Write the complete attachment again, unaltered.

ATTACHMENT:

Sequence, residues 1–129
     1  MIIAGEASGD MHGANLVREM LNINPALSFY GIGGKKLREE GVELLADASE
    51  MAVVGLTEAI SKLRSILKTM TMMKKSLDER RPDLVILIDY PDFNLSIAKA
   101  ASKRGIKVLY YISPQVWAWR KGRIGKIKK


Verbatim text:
Sequence, residues 1–129
     1  MIIAGEASGD MHGANLVREM LNINPALSFY GIGGKKLREE GVELLADASE
    51  MAVVGLTEAI SKLRSILKTM TMMKKSLDER RPDLVILIDY PDFNLSIAKA
   101  ASKRGIKVLY YISPQVWAWR KGRIGKIKK